An Amazon customer review put it like this: "This is the first book I have ever read that caused me to get goose bumps. It comes down to whether the words and ideas resonate with your heart or not. If you want a critique of the writing, don't look here because I can't do that. But I can tell you that this story gave me back a Jesus I can believe in. It touched me deeply and changed the way I view Jesus and the stories I grew up believing that never felt like more than irrelevant fables. Now it all makes much more sense."

Kathleen McGowan is, much like Maureen Paschal, a woman not only with a vision, but also with a mission: "The Truth Against the World." - She provides the framework, she completes the puzzle from southern Rennes-le-Château to northern Orval, from Tuscany to Flanders. She is a researcher but also a seeker of wisdom, of knowledge and above all... of meaning.

Storytelling with symbolism, making believe and by doing so: making sense. Giving people other eyes to see the world and by doing so: change it.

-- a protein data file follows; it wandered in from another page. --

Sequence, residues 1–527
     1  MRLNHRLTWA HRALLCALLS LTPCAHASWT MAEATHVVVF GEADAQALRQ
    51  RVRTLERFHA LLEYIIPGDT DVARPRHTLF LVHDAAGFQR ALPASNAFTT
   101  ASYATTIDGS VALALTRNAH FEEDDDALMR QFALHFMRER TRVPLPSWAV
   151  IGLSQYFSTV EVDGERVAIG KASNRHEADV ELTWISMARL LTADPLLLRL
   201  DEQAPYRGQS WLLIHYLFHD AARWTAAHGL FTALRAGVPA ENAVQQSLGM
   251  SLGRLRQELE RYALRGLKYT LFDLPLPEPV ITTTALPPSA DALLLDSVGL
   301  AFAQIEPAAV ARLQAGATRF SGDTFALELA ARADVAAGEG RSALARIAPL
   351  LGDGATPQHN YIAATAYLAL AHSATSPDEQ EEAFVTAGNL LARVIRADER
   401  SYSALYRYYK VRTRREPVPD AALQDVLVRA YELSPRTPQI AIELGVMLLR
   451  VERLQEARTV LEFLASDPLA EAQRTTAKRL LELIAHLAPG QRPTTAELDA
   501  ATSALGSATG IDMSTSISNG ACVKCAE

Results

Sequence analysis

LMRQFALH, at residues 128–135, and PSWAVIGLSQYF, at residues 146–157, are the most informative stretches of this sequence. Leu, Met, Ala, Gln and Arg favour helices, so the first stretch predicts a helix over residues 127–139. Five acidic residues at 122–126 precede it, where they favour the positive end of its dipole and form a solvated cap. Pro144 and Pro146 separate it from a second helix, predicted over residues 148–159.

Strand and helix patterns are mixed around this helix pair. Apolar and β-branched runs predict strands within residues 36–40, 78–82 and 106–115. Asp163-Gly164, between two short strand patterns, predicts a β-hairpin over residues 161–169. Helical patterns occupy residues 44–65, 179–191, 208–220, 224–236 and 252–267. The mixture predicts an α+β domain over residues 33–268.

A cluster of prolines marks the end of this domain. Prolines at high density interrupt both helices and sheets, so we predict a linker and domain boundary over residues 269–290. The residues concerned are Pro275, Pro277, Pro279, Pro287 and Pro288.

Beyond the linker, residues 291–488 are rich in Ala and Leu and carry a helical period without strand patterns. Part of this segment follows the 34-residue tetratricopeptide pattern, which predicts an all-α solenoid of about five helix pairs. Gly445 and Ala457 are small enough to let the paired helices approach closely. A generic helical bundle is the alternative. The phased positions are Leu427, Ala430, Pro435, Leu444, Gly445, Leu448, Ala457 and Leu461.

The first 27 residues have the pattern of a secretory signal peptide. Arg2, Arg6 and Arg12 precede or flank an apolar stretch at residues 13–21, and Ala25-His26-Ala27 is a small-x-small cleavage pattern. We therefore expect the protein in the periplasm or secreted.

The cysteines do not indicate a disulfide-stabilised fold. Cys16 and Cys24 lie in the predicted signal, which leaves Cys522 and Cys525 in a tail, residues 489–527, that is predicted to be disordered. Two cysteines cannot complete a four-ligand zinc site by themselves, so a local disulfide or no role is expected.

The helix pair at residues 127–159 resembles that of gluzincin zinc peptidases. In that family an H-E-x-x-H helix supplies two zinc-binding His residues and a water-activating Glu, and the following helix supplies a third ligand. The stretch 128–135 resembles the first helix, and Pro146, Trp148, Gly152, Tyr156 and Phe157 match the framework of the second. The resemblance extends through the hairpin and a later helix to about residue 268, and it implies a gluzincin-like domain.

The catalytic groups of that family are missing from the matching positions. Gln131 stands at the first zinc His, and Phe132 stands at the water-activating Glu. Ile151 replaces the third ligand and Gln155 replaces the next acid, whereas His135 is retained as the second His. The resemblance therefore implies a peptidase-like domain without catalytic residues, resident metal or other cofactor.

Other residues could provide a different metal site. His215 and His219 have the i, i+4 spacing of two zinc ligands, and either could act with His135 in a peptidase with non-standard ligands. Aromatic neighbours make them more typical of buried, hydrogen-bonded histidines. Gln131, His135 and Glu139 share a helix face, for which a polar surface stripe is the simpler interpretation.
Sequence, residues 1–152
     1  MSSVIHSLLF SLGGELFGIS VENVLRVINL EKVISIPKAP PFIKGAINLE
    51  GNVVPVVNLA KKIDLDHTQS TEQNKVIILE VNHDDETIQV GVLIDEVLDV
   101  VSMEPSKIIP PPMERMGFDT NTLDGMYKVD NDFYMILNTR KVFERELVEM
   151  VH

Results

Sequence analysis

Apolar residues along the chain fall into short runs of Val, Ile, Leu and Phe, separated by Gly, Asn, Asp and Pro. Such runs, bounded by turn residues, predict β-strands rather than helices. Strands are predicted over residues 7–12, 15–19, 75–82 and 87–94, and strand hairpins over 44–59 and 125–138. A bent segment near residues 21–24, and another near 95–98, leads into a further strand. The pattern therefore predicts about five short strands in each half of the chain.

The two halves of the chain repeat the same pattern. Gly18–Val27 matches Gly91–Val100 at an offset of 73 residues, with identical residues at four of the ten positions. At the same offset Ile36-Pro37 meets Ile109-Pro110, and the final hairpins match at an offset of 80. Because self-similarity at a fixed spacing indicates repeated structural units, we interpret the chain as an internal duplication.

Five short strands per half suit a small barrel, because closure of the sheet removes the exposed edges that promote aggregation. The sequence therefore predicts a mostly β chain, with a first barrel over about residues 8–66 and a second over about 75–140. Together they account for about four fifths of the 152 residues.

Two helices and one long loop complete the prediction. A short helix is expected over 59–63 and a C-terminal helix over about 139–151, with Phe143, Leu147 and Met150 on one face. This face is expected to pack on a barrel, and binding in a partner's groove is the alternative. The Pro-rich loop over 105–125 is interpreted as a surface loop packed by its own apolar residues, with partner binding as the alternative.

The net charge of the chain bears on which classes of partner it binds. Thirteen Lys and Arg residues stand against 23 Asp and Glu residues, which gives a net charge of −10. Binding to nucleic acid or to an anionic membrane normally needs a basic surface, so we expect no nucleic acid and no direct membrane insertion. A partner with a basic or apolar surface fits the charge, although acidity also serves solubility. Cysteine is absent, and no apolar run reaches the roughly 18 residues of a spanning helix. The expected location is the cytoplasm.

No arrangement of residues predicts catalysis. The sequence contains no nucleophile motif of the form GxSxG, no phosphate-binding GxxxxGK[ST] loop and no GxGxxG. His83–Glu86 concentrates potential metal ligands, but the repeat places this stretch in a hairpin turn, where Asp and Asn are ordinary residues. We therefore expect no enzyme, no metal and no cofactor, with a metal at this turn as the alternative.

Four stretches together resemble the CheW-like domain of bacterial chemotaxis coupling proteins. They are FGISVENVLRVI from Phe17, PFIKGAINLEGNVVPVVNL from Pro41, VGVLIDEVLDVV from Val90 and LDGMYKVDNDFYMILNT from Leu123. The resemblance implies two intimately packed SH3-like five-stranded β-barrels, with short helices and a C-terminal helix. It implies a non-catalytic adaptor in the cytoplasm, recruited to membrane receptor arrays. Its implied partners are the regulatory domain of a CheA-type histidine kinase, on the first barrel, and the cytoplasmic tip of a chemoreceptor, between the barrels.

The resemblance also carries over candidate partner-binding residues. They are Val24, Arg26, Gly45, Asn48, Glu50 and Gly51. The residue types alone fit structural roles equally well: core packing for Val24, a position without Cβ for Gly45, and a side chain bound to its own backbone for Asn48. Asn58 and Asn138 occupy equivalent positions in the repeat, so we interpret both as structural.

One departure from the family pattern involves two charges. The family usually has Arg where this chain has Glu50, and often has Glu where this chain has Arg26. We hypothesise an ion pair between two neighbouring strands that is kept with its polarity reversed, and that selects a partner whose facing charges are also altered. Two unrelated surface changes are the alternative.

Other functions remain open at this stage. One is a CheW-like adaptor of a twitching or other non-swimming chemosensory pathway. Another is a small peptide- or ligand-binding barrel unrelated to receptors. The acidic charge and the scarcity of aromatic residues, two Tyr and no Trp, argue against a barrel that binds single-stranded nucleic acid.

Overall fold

Let's do a little experiment... Here are some pictures of a statue to be found in the abbey of Orval, and an excerpt from the Book of Love:

Moving to the sculpture, Maureen ran her fingers gently over the cool stone face of the lovely little madonna, who was no more than a child herself in this portrayal. Tradition indicated that the Virgin was a young teenager when she conceived.

Moving to the sculpture, Maureen ran her fingers gently over the cool stone face of the lovely little madonna, who was no more than a child herself in this portrayal. Tradition indicated that the Virgin was a young teenager when she conceived.

And yet this madonna, with her enigmatic little smile, appeared more like an eight- or nine-year-old girl holding a baby.

And yet this madonna, with her enigmatic little smile, appeared more like an eight- or nine-year-old girl holding a baby.

And the infant was also carved in an unusual way. He appeared to be squirming out of the girl's hands and smiling with the mischief of it all.

And the infant was also carved in an unusual way. He appeared to be squirming out of the girl's hands and smiling with the mischief of it all.

The sculpture looked more like that of an elder sister attempting to contain her baby brother than that of a mother and her child.

The sculpture looked more like that of an elder sister attempting to contain her baby brother than that of a mother and her child.

In Bruges, we discovered this strange Mystic Marriage

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Poem by Patrick Bernauw; Photo by Marc Borms; Painting by Quellinus.

Poem by Patrick Bernauw; Photo by Marc Borms; Painting by Quellinus.